The Single Most Important Tip For Getting Great Photos:
Always carry a camera with you where ever you go..................
Photo Tips Learn the rules (guide lines ) before you can properly break them.
Good photographs are elusive. For every picture you take you will probably throw away hundreds. Experience will eventually tell you what works and what does not work. Every photographer will come to recognize his own special way of seeing and what he likes to photograph. 1. Bracket your shots for exposure (normal, one stop over and one stop under) also bracket your focus by manual focus.
Set your camera to the lowest ISO speed possible. Use a tripod or some other means such as walls, fence posts etc to
steady your camera. Expose to the right. If you have a histogram on your camera, adjust settings until the "mountain"
is just about to touch the right side of the histogram. If you use the "blinkies", adjust your settings until they just
2. Always shot RAW if your camera allows it for the most flexibility in editing. If not, shoot the highest quality JPEG.
3. K.I.S.S. (Keep It Simple Stupid) applies to photos as well. Leave out anything that detracts from the picture. Let go of
of preconceived ideas of how a picture should look. Eliminate the clutter in the viewfinder and your mind. Discover-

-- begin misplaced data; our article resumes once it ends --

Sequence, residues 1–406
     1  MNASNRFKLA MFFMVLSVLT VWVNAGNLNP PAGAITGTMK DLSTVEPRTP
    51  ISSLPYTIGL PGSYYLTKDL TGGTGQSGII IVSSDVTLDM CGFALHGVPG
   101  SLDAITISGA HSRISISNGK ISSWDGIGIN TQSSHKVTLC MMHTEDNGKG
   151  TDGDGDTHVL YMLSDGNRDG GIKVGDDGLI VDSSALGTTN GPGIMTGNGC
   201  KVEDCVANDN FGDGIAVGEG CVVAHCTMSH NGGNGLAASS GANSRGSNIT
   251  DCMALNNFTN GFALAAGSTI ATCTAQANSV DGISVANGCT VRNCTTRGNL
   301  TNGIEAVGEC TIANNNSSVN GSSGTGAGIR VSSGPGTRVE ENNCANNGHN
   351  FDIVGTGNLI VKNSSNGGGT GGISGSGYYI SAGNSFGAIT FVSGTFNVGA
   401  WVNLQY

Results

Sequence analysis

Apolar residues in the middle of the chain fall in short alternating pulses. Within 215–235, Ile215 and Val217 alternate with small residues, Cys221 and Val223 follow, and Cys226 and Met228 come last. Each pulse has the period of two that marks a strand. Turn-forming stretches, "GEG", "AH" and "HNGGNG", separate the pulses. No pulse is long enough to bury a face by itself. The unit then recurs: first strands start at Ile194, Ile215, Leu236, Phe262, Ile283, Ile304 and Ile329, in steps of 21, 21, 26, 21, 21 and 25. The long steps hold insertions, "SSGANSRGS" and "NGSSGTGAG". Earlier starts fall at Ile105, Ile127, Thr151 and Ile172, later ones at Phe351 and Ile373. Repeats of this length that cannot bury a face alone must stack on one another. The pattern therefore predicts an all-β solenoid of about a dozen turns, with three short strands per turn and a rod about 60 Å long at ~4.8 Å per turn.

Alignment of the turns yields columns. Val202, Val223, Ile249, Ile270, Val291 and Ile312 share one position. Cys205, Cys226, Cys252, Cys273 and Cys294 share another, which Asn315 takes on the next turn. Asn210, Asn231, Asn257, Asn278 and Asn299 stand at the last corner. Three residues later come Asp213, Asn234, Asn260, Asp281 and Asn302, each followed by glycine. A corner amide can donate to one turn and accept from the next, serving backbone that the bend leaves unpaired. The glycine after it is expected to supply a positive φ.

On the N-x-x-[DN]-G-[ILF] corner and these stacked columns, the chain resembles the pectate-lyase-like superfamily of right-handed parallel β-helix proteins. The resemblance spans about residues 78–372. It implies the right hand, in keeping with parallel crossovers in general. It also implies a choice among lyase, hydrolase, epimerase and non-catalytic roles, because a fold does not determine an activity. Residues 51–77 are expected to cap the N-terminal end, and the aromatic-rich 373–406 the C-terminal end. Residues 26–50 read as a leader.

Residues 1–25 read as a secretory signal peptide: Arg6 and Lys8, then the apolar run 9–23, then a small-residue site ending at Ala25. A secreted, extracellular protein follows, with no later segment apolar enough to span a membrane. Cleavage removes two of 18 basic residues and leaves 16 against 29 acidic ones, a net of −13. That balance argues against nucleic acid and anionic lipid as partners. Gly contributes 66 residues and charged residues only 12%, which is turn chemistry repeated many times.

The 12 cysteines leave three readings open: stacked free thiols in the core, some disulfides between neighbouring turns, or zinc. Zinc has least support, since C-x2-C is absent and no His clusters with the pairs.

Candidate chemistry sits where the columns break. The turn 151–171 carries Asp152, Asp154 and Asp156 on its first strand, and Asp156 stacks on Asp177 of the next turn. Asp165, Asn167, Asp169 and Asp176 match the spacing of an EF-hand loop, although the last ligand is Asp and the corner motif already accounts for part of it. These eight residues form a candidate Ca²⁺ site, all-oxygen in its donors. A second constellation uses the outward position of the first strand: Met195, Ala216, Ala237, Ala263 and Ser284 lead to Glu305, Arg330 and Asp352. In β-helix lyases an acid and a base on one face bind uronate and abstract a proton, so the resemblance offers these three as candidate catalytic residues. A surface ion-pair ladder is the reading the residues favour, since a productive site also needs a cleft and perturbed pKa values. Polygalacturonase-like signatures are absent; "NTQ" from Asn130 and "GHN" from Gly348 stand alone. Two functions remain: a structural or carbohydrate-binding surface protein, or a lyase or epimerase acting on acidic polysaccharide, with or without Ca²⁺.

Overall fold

subtract-edit-clarify-find the center of interest. You will have to learn when to leave well enough alone though. Less is
more up to a point and then it becomes less again. Simplicity should not be confused with ease of effort.
LIGHT: Learn to look for the light that will best suit what you want to photograph. Dawn and late afternoon light usually
produce the warmest tones and long soft shadows. Mid day light usually produces too much contrast and that
raccoon eyes look for portraits. Light overcast usually produces saturation of colors for landscapes and low contrast
for skin tones with little or no contrast. Side lighting is good for textures and surfaces producing shadows with
modeling while back lighting will produce rim lighting and requires extra care in metering. Front lighting is good for
documentation but will produce a flat looking photo. In tricky lighting situations bracket your shots with different
exposure settings. Keep the sun off the front of your lens with a lens hood, shade with your hand or from a tree etc.
READ YOUR MANUAL--Learn what you camera can and can't do and how to reach all the different menus.
1. Automatic mode-The camera makes almost all the choices for you.
2. Program mode- Is still an automatic mode but now you can start making some changes and tell the camera
what you want.
3. Manual mode- Here you have control over all the operations and settings.
4. Aperature priority mode- You set the aperature and the camera sets the shutter speed.